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No Matches

In the 60s, they would have looked like typographical errors: DUI, DWI, and PTSD. But years later, there was no mistaking their meaning or their devastating impact 

Henry Patrick Castellana
Henry Patrick Castellana

The first 16 years of my life, my dad was frequently gentle and smiling, funny and dazed, enveloped in a sweet, seamless, alcohol- induced abyss. He wore a suit and Stetson hat, worked long hours, then tumbled home before entering a restless sleep. 


​In the years when DUI and PTSD were simply mistyped capital letters, I was terrified on the infrequent nights we attended an event, that after consuming drink after drink, he would catapult our car into a tree and kill us all. 


He stopped drinking my last year of high school, had a “nervous breakdown” and in the 16 remaining years of his life, was often wrapped in madness, perhaps induced by heartbreaking grief at home and the sheer trauma war that alcohol could not obliterate.


Housed in a VA hospital off and on, depending on whether or not he would agree to take his medications, year after year we struggled, often unsuccessfully, to get him admitted or to house him safely at home. 


My dad alternated between mania and constant motion, undisciplined buying sprees, rapid speech, 72 hours of wakefulness, and a depressed, wordless, catatonic, vacant void. 


He worried incessantly about the small birds and animals and how to keep them safe. I worried incessantly about how to keep him out of the car.


I remember the policeman who brought him home after driving the wrong way on a one-way street at 60 mph with 2 flat tires at 5am because he wanted to get to the beach before dawn.


​After that, more than once, I let the air out of all four of his tires, the only strategy I could think of to keep him from driving all night. 


My mother often struggled with how to tell the truth. I was a freshman at college, 8 hours away, and had barely unpacked. She called, suggested I come home, and told me my father had "back trouble," was not sleeping well and had gone “someplace quiet” to get some rest. 


It was the best she could do in 1965. 


After that, there were countless times when out of desperation or debilitating fear, we would drive 45 minutes to Northport VA hospital while my small-statured mother frantically offered someone a few dollars to keep an eye on him in the lobby after we abandoned him, pleading for someone, anyone, to figure out a way to keep him safe against his will. 


Eventually, I learned that treatment for "manic depression" was limited. Haldol induced stupors lessened symptoms but offered no cure. For my dad, shock therapy, convulsions, and gurneys with straps and straight-jackets chased foreboding images floating in disordered space, shadowing our family in secrecy and shame.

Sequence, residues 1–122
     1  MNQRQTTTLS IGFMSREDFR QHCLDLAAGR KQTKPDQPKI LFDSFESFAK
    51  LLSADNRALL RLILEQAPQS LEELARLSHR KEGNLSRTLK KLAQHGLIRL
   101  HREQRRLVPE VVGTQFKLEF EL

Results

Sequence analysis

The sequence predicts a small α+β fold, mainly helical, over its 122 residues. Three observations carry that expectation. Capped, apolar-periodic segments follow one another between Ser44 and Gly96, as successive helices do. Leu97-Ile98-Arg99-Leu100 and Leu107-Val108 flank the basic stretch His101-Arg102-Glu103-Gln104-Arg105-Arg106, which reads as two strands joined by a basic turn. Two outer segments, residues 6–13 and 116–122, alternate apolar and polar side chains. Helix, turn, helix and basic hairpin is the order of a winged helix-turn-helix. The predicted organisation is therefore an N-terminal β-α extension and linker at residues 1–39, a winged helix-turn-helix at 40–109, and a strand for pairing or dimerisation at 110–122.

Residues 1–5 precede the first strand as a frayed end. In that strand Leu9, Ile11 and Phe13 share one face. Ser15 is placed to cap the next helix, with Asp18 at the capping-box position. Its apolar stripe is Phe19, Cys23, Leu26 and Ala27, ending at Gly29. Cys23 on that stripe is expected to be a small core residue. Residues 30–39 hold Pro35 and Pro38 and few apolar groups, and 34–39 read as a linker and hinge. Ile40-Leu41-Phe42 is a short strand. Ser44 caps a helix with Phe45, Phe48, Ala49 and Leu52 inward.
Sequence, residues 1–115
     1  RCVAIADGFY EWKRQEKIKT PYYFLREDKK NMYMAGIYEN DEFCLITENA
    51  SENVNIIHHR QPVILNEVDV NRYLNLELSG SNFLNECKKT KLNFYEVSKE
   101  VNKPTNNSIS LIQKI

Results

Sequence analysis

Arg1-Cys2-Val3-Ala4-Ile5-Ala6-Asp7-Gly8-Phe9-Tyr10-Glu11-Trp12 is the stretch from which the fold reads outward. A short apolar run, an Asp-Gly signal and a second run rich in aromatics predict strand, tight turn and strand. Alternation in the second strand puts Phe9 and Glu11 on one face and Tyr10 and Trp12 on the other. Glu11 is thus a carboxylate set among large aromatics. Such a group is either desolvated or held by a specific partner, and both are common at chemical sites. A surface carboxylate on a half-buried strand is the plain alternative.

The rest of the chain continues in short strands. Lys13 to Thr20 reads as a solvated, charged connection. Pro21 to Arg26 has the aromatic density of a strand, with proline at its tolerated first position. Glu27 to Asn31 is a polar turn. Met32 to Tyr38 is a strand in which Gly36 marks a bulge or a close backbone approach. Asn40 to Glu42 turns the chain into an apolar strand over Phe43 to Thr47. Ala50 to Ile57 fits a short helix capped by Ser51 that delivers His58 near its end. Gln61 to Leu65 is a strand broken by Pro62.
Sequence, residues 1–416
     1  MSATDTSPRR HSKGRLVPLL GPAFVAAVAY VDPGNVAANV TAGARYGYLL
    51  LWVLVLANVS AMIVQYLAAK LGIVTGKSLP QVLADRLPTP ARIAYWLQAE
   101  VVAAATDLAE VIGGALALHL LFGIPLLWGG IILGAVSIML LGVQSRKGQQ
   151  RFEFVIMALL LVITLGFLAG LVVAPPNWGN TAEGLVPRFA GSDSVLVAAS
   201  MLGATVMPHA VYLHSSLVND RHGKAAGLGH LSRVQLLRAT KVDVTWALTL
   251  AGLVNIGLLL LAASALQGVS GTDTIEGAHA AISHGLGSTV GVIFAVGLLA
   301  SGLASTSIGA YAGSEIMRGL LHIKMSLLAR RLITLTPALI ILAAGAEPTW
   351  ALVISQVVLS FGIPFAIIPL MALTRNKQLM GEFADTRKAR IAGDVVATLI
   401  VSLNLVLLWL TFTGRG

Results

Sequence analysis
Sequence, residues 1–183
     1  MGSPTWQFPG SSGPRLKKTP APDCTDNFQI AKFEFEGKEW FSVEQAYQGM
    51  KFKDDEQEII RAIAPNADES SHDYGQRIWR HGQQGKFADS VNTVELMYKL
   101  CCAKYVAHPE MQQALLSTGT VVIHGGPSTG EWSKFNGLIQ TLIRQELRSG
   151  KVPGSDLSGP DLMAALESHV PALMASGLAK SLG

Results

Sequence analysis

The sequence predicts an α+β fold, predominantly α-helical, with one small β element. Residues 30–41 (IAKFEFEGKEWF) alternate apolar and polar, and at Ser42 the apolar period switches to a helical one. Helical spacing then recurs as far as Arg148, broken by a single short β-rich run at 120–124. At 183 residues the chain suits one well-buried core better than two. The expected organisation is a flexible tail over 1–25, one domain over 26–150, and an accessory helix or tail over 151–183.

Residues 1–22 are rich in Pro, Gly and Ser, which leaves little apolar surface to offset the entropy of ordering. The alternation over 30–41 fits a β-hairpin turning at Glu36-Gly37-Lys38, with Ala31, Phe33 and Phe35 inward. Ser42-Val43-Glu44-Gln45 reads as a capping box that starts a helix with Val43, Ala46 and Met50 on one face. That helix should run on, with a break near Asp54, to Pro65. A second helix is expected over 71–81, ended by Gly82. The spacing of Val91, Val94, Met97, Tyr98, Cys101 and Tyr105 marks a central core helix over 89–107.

​Day and night, time and space became chaotic, altered and unfamiliar in those ensuing years. I was 17, wearing Queen Anne heels, a single strand of pearls, and Purple Passion lipstick. It was the first time I had seen my dad since he went away “to get some rest.” 


The VA brick complex was large, unfamiliar and scary. Wire mesh taunted us from everywhere rendering it impossible not to feel overcome, imprisoned, and afraid. 

Ubiquitous signs, eight feet tall, four feet wide, were stapled in all the stairwells, which resembled cages more than landings. The life-size letters, bright red, likely visible from space: “DO NOT GIVE MATCHES TO THE PATIENTS.” My dad chain-smoked 4 packs of Chesterfields a day. 


In the day room, 20-foot tall windows bore a dizzying crisscross lattice of dusty interwoven windowpanes.  Graffiti splattered tabletops pocked with cigarette burns were smeared with sweaty spots from restless, tapping fingers. A mosaic of Thorazine-laced coffee cups dotted with sugar cubes were scattered among irregularly spaced wobbly chairs


Shapeless rocking forms with outstretched hands and fingers splayed stood in spaces reserved for imaginary buses that never arrived while waiting for the pain to dissipate and the color to reappear.

Attendants in white coats jangled keys in steel locks as heavy doors bolted shut and couldn't be reopened, a cacophony, all. Speckled unwashed linoleum floors and static, unbreathable, air ferried unfamiliar, unrecognizable smells. No whir of fans anywhere.    


Everything was painted white. I sat with my ankles crossed, hands in the lap of my freshly pressed linen dress, as sweat poured down my back. I smiled at everyone and silently scanned the room. 


My dad appeared flanked by two big men. He looked crooked. It was a Wednesday but he wasn’t wearing his suit. He was shuffling, moving slowly, swaddled in a funny looking, discolored ivory jacket that tied in the back. 

Drooling, his lips dry and cracked, his eyes vacant and lost, he was silent. Somehow, horrifying hallucinations, and pharmacological stupors had seeped in under the doors.  I stood up and tried not to touch anything, especially my dad. How could my father appear in a place like this? Especially without his hat?  


We brought him home that day believing in magic and miracles, but not for long. Few suns would set before we were back in the VA lobby with a crumpled $5 bill in my mother’s hand.  

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